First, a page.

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36 of 38 people found the following review helpful
5.0 out of 5 stars THe best place for any reader to explore Freemasonry, 29 Aug. 2003
By A Customer
Throughout the last ten years many books have entered the market exploring and exposing Freemasonry, the Knights Templar and the ancient connections that these groups have had in our distant past back to the time of the Egyptians. The Book of Hiram is the fourth in a series explored by Chrsitopher Knight & Robert Lomas.

In this title, Knight & Lomas take us even further back, to the Stone Age where sites such as Stonehenge and Newgrange in Ireland were astronomically aligned to the movements of the stars and the rising and falling of Venus as the Morning and Evening Star in particular.

As always, I was rivetted by the work and detailed research presented by both these authors. Both are themselves Freemasons and both have an intense desire not only to fully understand the seemingly strange rituals held in Freemasonry but also to trace the origins of these rituals and reasons for the secrecy which surrounds them.

Today, many in the twenty-first century take the liberties of Democracy, equality, a justice of liberty and religious tolerance for granted. The world was not always so, and in order to achieve these goals, many thousands of years and many lives had to be sacrificed, often under the cloak of secrecy in order to wrest away power from those who advocated autocratic states and a trail by ordeal. The French Inquisition, the American War of Independence, the French Revolution and the Second World War are cases in point.

Whether you regard the Freemasons as a demonic order or not, after studying their history, their basic precepts as laid out at the end of this book and the goals that they set out to achieve over many centuries, one has to admire their tenacity and determination and perhaps....... even take some time to thank them for once instead of denouncing them?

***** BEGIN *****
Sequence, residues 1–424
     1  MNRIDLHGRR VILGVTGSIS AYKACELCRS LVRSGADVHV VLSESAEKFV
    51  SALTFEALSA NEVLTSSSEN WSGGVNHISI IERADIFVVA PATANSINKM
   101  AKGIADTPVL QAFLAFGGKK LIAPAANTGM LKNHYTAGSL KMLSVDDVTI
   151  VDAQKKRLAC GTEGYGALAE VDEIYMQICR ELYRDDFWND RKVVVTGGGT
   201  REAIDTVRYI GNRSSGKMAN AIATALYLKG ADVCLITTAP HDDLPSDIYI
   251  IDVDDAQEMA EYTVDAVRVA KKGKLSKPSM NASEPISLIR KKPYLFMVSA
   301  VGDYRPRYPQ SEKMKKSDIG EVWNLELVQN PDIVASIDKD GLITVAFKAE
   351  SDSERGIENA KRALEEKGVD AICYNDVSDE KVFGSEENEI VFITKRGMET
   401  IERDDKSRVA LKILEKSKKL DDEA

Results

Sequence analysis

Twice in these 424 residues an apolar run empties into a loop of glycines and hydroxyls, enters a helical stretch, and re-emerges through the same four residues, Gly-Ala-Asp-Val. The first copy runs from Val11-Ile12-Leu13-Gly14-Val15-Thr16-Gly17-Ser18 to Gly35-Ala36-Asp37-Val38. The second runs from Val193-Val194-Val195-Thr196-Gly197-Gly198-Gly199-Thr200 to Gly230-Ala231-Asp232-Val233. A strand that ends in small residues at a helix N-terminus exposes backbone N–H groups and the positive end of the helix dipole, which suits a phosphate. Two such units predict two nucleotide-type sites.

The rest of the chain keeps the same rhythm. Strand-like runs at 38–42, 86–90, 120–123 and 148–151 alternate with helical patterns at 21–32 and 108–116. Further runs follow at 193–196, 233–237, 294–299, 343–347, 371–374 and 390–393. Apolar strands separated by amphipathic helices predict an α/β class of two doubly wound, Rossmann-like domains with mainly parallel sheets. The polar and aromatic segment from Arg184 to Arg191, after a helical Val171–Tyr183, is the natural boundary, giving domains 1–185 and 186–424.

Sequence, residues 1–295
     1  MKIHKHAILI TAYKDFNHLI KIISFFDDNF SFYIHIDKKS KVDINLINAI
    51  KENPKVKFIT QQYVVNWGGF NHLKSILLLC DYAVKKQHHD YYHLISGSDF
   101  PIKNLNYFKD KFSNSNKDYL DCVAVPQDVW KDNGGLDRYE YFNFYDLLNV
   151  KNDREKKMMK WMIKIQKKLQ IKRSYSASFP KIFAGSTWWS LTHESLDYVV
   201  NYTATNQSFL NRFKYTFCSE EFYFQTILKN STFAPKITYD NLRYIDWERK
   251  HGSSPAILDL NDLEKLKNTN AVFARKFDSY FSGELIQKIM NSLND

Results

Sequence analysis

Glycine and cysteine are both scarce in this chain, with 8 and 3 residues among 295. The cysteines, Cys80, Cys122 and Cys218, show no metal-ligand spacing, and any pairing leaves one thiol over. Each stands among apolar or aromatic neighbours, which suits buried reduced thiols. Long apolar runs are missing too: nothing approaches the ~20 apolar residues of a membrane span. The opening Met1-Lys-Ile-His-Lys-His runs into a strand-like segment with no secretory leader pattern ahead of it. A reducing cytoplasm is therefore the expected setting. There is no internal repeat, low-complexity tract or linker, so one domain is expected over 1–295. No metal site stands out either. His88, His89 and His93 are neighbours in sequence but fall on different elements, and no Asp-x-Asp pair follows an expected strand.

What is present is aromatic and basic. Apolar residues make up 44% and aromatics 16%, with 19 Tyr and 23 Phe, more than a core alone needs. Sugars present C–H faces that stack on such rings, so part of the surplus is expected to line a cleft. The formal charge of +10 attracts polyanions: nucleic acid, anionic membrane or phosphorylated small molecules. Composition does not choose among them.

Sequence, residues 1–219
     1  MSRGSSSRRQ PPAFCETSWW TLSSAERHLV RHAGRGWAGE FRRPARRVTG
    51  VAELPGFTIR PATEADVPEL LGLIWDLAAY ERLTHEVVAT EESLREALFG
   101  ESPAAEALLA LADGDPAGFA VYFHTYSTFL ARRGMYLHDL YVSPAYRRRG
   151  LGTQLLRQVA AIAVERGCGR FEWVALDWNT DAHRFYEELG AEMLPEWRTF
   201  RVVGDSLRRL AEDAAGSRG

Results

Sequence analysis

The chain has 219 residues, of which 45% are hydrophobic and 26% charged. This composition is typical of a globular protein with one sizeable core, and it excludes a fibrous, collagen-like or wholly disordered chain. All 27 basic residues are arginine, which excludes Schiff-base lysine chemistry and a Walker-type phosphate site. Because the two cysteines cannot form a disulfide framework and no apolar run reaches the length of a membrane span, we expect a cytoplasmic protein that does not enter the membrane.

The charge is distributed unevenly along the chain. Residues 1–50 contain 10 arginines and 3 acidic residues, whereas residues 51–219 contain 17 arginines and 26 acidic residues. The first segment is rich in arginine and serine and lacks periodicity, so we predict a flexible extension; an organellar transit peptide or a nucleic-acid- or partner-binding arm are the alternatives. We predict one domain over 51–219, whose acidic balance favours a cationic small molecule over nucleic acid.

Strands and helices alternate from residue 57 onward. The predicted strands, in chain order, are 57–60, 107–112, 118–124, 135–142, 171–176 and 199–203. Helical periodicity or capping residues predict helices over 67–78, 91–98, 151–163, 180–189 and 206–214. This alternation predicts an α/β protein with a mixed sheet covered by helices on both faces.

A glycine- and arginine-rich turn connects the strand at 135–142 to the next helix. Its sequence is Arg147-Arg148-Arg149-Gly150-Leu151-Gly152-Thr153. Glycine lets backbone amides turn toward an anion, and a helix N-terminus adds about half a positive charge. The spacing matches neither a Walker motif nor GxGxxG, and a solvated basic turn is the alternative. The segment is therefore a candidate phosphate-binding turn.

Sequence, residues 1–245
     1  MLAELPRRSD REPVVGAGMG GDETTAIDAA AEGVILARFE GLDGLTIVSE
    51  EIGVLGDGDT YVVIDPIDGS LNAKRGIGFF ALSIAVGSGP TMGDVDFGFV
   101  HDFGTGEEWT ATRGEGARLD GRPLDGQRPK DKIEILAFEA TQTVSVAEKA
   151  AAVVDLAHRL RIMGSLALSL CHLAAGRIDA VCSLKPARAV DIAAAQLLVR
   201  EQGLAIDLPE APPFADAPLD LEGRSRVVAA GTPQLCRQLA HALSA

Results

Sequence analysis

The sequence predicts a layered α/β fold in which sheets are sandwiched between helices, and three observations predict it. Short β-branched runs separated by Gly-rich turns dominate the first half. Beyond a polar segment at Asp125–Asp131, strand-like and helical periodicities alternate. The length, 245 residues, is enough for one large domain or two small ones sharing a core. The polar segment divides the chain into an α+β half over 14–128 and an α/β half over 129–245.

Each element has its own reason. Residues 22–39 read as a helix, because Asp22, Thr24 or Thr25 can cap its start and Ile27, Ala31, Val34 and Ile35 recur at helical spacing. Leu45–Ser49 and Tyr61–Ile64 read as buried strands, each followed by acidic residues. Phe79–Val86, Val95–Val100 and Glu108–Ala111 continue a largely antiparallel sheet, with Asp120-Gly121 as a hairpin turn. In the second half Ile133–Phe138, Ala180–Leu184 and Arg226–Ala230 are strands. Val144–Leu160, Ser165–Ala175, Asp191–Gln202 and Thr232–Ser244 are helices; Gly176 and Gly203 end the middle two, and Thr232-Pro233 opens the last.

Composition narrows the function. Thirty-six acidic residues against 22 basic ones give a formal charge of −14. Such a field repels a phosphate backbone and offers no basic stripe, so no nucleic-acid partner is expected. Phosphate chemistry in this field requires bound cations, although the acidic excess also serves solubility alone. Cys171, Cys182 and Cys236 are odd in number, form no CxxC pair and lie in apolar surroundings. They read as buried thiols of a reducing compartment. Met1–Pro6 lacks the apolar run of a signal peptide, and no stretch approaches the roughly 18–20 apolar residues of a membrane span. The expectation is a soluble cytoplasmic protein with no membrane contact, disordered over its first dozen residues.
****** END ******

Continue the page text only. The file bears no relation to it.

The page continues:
Much like all orders and groups, there are those who would use their connections for humanitarian aims and those who would use them for selfish acquisitive purposes. The recent exposure of homosexual abuse in the Roman Catholic Church is a case in point. Not all Roman Catholic priests are sexual child abuses, not all Roman Catholics are bad people. Mother Theresa was a case in point and she was a nun under the order of a Roman Catholic church.

So to I believe it is with much of Freemasonry, which in some instances has been connected to the Illuminati, much denounced in recent times for their apparent attempts at world domination and global control. These were not the aims of the Knights Templar or those of Freemasonry in general, though I am sure that some used and are possibly still using these orders to achieve such aims. I believe that Knight & Lomas have only the highest ideals in mind and their willingness to share their truth and the riddles that they have solved against all odds and much criticism is admirable to say the least.

Should you wish to explore Freemasonry, then these authors are the best place to start, not only in The Book of Hiram but in all their works.
Gail Evans. author of THE FIRSTBORN OF GOD.
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2 of 2 people found the following review helpful
5.0 out of 5 stars Revealing the Secrets, 29 Sept. 2011
This review is from: The Book Of Hiram: Unlocking the Secrets of the Hiram Key (Paperback)